Very Capable

What’s in a mother? According to Jessica James:

“It’s sleepless nights, it’s nursing scratches and scrapes, it’s being stern and protective. It’s teaching them to talk, to walk, and to eventually run….It’s teaching them that they are smart, capable, funny and giving them the security to do great things. It’s building their self-esteem, supporting their dreams and loving them unconditionally.”

Motherhood. It’s something that many women dream of experiencing. For those who are moms, it is a blessed gift. It is the most rewarding experience. And this is true of my good friend, Sarah, a mother of two very happy children.

Sarah and babies
Sarah and her happy son and daughter.
Sarah also has Usher Syndrome. Though she is profoundly Deaf and is legally blind with good central vision, they do not render her incapable of being a great mother.

She shared with me that she has faced questions about how she manages to be a mom who is also deafblind. “How do you communicate with your kids? How do you discipline them? Does your hearing husband do all the disciplining? How do you raise them by yourself during the day? Do they know you’re deaf?” Her appropriate response is always:

“Look at my kids. Do you think they are well rounded? Do you think they’re smart? Do you think they behave well? It’s because of the way my husband AND I are raising them.”

Be careful not to have low expectations for a mother who is deafblind. Deafblindness will certainly throw extra challenges her way, but she is perfectly capable. In the following interview, Sarah reveals that typical hearing and sight are not prerequisites for being a great mother.

***

V: What are some challenges to motherhood you face in relation to your deafblindness?

S: When we leave the house, I ALWAYS hold my 6-year-old son’s hand everywhere we go so I don’t lose him. I go ballistic if I can’t find him even if he’s standing right next to me. I don’t like to take my kids to the park like every other mom does because I can’t always keep an eye on them and can’t hear them (Husband can take them on weekends). Our backyard is the park. I have tripped and stubbed my toes numerous times on toys. I have knocked my kids down when they got in my way and I didn’t realize it. I have to rely on people for rides to places that I can’t bike to, like doctor’s appointments, so I have to schedule around other people’s schedules.

V: What kinds of accommodations do you use or adjustments have you made as a deafblind mother?

S: I have a remblucant bike, which I love! I also have a kids’ trailer hooked up to my bike. We use this to get to and from school and other nearby places. All doors in my house must be closed, so I can keep a better eye on them due to limited vision and deafness (can’t hear them getting into things they should not be getting in!). My 6-year-old son learned how to let me know that the baby is right there or he’s right there by bracing himself with his hands or tapping on my leg, “Mom, I’m right here.” Like I stated earlier, outside of the house, I ALWAYS hold my 6-year-old son’s hand everywhere we go so I don’t lose him. A cellphone is a must for all forms of communication in case of emergency, making doctor’s appointments, checking with other people for rides, etc.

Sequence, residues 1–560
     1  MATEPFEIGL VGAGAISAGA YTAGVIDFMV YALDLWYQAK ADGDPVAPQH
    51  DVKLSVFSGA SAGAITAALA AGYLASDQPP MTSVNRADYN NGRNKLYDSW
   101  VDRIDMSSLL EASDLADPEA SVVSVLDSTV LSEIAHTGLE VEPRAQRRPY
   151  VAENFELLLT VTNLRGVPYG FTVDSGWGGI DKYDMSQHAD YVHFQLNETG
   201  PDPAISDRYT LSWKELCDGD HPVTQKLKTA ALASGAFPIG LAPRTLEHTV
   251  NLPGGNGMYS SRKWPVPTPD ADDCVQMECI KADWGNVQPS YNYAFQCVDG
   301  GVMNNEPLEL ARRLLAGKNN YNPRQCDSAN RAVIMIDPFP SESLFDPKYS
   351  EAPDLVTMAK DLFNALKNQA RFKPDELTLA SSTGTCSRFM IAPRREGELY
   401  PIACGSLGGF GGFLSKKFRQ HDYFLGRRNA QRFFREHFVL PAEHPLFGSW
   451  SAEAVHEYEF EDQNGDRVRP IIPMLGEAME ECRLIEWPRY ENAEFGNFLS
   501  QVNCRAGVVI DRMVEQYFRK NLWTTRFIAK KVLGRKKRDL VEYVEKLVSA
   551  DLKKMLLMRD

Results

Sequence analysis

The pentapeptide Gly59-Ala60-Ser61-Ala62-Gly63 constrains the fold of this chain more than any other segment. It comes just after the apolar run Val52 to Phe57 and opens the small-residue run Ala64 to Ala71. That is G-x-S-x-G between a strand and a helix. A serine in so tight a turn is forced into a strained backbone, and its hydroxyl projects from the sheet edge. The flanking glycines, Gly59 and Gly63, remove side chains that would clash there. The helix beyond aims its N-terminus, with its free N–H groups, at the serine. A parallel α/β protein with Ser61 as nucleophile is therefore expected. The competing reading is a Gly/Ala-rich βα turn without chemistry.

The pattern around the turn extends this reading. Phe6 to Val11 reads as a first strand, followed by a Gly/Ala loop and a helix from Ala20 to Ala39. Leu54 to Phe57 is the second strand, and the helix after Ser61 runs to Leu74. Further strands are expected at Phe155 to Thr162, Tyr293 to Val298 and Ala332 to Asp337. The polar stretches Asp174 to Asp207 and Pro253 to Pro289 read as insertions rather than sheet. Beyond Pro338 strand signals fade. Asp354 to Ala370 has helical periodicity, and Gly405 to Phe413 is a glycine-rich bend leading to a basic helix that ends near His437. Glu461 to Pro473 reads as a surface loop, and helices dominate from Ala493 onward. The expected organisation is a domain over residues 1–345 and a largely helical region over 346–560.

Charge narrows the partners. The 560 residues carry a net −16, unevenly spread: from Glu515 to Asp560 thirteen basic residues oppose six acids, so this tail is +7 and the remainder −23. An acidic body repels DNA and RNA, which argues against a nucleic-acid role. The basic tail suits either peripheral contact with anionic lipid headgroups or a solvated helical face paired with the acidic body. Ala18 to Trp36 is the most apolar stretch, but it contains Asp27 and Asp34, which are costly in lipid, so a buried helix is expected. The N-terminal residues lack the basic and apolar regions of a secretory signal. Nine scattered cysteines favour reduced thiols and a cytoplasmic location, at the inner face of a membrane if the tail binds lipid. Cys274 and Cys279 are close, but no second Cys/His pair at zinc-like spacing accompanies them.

Waegli-230
Sarah signing to her son while baking. Photo Credit: Ballads by Sarah Photography
V: Do you plan to have more kids?

S: No. Absolutely not! I only have two hands to hold onto both of my kids. My bike trailer can only hold two. My eyes can only handle two.

V: What advice would you give a woman with Usher syndrome who is planning to have kids?

S: Don’t let Usher’s get in the way of motherhood. Don’t worry about what other people think. My kids know I don’t drive. They know I’m always in the passenger seat. They know I use ASL to communicate. They know if they want to go somewhere, we will get there by biking, walking, waiting for someone to come and pick us up, or waiting for daddy to be home to drive us. They never once questioned why we do things the way we do. To them, I’m not “Deaf” or “Deafblind” or “disabled”…. I’m just “Mommy” to them. Cherish that! You will always find ways to adapt your life with kids.

baking
Sarah and her son baking. Photo Credit: Ballads by Sarah Photography.

***

Sarah is a great mother. She nurses scratches and scrapes. She is stern when needed and protective. She teaches her children how to sign, walk, and run. She tells them that they are smart, capable, and funny. She loves her children unconditionally. And she is very capable.

“I can do all things through Christ who give me strength.” Philippians 4:13

 

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13 thoughts on “Very Capable

  1. Super awesome blog! I have RP too! I dont let it bother me though. And I am now travelling the world and writing about my adventures 🙂 well done on this lovely snippet, thanks.

    Liked by 1 person

      1. No worries, allways drawing inspiration:) be sure to follow me 🙂 would really appreciate the support from RP community 🙂 i have a few friends with ushers syndrome too through the support group i run in New Zealand.

        Liked by 1 person

      2. Thanks for your feedback, sorry!!! Im pretty new, try now. I added a widget to allow people to follow 🙂 if you still cant see it let me know. Would be a shame to miss out on people following my adventures haha!!

        Liked by 1 person

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